Lygaeus equestris

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Lygaeus equestris
Lygaeidae - Lygaeus equestris.jpg
Adult of Lygaeus equestris
Bug 2007-1.jpg
Side view
Scientific classification
Kingdom: Animalia
Phylum: Arthropoda
Class: Insecta
Order: Hemiptera
Suborder: Heteroptera
Infraorder: Pentatomomorpha
Superfamily: Lygaeoidea
Family: Lygaeidae
Subfamily: Lygaeinae
Genus: Lygaeus
Species: L. equestris
Binomial name
Lygaeus equestris
(Linnaeus, 1758)
Synonyms
  • Spilostethus equestris
  • Cimex equestris Linnaeus, 1758

Lygaeus equestris, common name Black-and-Red-bug, is a species of ground bugs belonging to the family Lygaeidae, subfamily Lygaeinae.

Subspecies[edit]

Subspecies include:[1]

  • Lygaeus equestris equestris (Linnaeus, 1758)
  • Lygaeus equestris sicilianus (Wagner, 1955)

Description[edit]

These bugs can reach about 11 to 12 millimetres (0.43 to 0.47 in) in length. They have a characteristic red-black pattern, fully developed wings and long, powerful legs. The hemelytra have two transverse bands that reach the margin and a round white spot on the membrane. Scutellum is without bristles but with tiny hairs. The black band close to the eye is wider than the same.

This species is very difficult to differentiate from Lygaeus simulans, that has a scutellum with long bristles, antennae with angulous tubercles and a larger red area on the head.

The red-black pattern has a deterrent effect and serves to protect the insect (Mullerian mimicry or Batesian mimicry). By storing the toxic ingredients of their food plants, they are unpalatable to potential predators.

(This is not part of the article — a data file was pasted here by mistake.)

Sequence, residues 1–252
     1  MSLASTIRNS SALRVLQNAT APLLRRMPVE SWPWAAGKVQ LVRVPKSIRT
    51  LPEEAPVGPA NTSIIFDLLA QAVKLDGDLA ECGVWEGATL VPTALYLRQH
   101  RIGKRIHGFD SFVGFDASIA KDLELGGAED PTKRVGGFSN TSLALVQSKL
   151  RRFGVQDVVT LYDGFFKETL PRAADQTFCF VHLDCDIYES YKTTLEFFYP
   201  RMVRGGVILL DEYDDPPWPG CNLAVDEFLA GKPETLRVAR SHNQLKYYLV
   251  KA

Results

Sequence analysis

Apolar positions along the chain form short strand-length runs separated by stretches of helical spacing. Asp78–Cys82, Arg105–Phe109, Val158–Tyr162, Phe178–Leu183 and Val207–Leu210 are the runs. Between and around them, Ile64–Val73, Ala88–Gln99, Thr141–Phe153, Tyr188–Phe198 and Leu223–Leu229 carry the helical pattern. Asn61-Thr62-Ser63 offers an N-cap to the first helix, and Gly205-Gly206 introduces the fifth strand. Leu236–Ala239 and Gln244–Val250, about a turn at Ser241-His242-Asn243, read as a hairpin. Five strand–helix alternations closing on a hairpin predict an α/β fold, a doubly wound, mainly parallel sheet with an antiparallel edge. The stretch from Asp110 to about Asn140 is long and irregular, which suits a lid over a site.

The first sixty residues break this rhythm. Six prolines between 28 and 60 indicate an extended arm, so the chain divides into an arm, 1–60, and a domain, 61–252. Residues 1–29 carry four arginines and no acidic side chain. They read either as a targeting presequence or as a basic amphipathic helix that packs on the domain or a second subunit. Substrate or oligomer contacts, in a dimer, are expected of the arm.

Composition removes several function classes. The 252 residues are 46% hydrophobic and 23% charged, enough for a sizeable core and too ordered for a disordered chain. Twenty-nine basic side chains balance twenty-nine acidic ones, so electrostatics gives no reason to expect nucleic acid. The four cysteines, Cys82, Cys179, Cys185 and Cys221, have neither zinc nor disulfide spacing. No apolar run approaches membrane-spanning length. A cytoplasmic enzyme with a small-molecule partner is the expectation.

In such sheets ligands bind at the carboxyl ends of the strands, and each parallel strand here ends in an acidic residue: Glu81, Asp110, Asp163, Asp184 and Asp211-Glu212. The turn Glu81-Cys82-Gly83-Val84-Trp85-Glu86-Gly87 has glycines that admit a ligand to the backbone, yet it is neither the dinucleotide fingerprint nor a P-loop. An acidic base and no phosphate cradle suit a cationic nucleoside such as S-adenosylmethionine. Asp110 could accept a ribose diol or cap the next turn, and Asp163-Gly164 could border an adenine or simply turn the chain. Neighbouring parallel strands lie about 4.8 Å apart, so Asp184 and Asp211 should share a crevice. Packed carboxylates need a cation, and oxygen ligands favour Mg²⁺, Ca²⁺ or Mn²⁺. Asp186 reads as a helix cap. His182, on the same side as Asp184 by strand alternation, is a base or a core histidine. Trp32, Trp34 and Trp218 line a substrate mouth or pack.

Biology[edit]

Nymph of Lygaeus equestris

The nymphs and the imagos feed on juices of various plants, particularly milkweed (Vincetoxicum hirundinaria),[2] Taraxacum species,[3] Spring pheasant's eye (Adonis vernalis) and sometimes also on dandelions.[4] Adults overwinter.[2]

Distribution and habitat[edit]

It is mainly present in Albania, Austria, Belgium, Bosnia, Bulgaria, Croatia, Czech Republic, Denmark, Finland, France, Germany, Greece, Hungary, Italy, Macedonia, Montenegro, Poland, Portugal, Romania, Russia, Serbia, Slovakia, Slovenia, Spain, Sweden and Switzerland.[5] It inhabits lawns, forests clearings and scrubs, generally in warm calcareous areas.[2]

References[edit]

Bibliography[edit]

  • O Kugelberg - 1977 - Distribution, feeding habits and dispersal of Lygaeus equestris. (Heteroptera) larvae in relation to food supply L. equestris
  • T. J. Henry: Phylogenetic analysis of family groups within the infraorder Pentatomomorpha (Hemiptera: Heteroptera), with emphasis on the Lygaeoidea. Annals of the Entomological Society of America 90: 275-301, 1997.
  • Pericart J. - Family Lygaeidae in Catalogue of the Heteroptera of the Palaearctic Region 4: 35-220. 2001
  • Birgitta Sillén-Tullberg and Christer Solbreck Oikos - Population Dynamics of a Seed Feeding Bug, Lygaeus Equestris. 2. Temporal Dynamics -

Vol. 58, No. 2 (Jun., 1990), pp. 210–218

External links[edit]